Md Shariful Islam Sunny is no stranger to being featured on Shift – his all-original and completely mint 1978 Mitsubishi Lancer with only 16,000 kilometres on the clock was the personal highlight of my four year long tenure as sub-editor for this automotive publication. That baby blue Lancer spoke volumes about the owner - Sunny is a certifiable automotive geek with an inclination towards classic metal, with his current garage consisting of the 1978 Lancer, 2001 Pajero and the 1984 KIA KM414 we're looking at today.
At first glance, you'd be forgiven for mistaking this bright red off-roader for a Jeep CJ5. While the original mechanicals are practically the same, this off-roader was a by-product of a joint venture between Shinjin Motors and American Motors in the years following the 1950-1953 Korean War, which left behind a huge cache of surplus military Jeeps in the Korean peninsula. Shinjin Motors would later be bought off and renamed as Ssangyong – a brand we're quite familiar with here. We're also familiar with KIA, the second largest manufacturer in South Korea behind Hyundai, but what might not be common knowledge is the fact that a large portion of KIA's revenue comes from designing, building and selling defense and reconnaissance vehicles to armed forces all over the world. Initially, that started with making slightly redesigned and re-engineered Jeeps. Bangladesh recently replaced the long-running Toyota Land Cruiser with KIA models but our armed forces have used KIA Jeeps in the past. What you see here today is the KIA KM414, a recoil-less rifle carrying version of the KIA KM410 light reconnaissance vehicle, which explains why there seems to be an unnaturally large gap between the split front windshield. Yep, this is a completely restored and re-worked military vehicle.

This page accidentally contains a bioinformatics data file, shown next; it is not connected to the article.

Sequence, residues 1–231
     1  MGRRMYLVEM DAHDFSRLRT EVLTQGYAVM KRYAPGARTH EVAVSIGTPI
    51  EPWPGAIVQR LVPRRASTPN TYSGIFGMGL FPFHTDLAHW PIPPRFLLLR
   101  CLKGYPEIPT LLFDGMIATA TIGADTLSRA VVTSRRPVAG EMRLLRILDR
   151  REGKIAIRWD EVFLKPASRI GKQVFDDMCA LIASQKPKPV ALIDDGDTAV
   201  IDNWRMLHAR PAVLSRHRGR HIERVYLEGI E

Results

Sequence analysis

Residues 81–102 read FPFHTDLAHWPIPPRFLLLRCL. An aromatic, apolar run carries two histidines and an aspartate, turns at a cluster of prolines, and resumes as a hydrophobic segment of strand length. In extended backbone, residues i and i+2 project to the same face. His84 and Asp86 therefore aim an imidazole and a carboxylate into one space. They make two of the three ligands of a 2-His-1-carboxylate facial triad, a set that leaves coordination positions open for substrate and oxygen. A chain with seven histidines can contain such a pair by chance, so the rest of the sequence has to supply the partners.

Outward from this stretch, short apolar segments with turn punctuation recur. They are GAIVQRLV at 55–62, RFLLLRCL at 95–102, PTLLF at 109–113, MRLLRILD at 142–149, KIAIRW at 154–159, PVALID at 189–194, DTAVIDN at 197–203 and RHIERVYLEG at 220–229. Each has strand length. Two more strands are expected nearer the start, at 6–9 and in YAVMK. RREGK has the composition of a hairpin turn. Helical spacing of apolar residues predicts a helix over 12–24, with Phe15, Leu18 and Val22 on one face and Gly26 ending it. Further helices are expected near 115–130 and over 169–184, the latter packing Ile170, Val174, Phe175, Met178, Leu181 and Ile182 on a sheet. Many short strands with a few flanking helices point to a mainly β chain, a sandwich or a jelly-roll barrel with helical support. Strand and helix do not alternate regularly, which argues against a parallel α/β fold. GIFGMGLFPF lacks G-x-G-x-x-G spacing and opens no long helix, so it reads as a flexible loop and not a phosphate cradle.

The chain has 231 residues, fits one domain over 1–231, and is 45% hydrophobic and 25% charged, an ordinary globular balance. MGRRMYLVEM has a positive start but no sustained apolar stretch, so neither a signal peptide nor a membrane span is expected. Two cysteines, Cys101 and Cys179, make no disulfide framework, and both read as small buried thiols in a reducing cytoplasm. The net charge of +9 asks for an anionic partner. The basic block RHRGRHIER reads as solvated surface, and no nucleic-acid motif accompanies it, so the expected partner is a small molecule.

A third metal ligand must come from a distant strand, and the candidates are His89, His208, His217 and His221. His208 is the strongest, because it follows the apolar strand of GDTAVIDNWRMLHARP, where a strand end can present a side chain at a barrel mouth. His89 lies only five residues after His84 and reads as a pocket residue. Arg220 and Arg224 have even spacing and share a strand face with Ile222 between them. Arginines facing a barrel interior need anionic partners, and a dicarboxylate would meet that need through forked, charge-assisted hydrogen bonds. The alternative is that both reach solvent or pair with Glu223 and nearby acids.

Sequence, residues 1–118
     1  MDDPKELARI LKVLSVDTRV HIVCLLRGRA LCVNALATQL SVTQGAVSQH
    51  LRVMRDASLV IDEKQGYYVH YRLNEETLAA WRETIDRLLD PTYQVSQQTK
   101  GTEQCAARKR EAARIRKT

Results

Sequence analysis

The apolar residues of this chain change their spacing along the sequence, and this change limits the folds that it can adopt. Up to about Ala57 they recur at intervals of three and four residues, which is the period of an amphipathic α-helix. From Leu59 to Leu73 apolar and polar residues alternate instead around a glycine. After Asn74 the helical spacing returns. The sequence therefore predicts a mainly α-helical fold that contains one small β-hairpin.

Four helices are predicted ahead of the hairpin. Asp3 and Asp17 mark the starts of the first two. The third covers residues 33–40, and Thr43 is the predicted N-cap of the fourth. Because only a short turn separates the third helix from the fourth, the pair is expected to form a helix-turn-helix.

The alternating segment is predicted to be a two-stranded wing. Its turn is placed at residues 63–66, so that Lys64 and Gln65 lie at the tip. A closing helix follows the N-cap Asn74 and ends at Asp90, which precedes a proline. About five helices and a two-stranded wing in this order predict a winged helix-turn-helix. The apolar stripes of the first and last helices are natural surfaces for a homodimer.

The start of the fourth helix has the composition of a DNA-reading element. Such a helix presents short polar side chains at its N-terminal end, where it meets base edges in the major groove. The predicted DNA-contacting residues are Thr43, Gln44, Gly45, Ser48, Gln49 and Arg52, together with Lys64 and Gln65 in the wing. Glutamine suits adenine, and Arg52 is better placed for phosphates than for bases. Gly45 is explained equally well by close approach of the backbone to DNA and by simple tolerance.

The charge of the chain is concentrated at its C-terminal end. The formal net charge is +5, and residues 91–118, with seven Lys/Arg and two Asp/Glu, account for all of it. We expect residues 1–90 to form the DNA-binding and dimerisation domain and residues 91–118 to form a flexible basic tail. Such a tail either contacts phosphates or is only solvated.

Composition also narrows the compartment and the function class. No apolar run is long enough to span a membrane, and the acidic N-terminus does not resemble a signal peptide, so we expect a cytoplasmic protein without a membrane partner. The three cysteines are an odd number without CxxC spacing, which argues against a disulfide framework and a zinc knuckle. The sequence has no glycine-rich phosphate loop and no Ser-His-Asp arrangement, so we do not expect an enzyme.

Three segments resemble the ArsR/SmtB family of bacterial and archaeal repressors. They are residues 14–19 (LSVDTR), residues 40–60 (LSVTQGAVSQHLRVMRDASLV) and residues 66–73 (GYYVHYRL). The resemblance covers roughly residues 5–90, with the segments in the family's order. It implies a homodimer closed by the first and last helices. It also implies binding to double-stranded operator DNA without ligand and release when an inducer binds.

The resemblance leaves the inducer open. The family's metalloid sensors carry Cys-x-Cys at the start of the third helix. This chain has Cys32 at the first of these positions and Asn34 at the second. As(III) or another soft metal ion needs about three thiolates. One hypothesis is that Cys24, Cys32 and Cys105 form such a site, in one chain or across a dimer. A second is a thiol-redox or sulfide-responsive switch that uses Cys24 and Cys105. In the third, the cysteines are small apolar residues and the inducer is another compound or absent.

It may have never seen active duty, but the KIA was driven hard for its entire life. Unlike Sunny's Lancer, this isn't a low-mileage example – it doesn't even have the original engine. Instead, it's running a 7K engine sourced from a Toyota Noah, complete with its Rear Wheel Drive automatic gearbox, shifter, driveshafts, and gauge cluster. That means, unfortunately, the 4WD system doesn't work, although the ground clearance means it can go nearly anywhere, as long as the tyres can find traction. The steering is characteristically vague and barely seems to be connected to the wheels at speed, although the lack of power assistance means it gives you a ton of feedback when you take it slow. The fuel injected 7K is surprisingly torquey and the open top, open sided KIA feels punchy and exciting on the move as a result. Just make sure you don't fall out of it, or overwork the steering too much.
Shariful Islam Sunny's day job involves running two restaurants in Lalbagh, and a sizeable chunk of his earnings go into restoring and running rare, curious and classic cars. So the next time you're in Lalbagh in search of food, consider having a pizza opposite Lalbagh Fort – it might help save a classic car.
Photos: Rahin Sadman Islam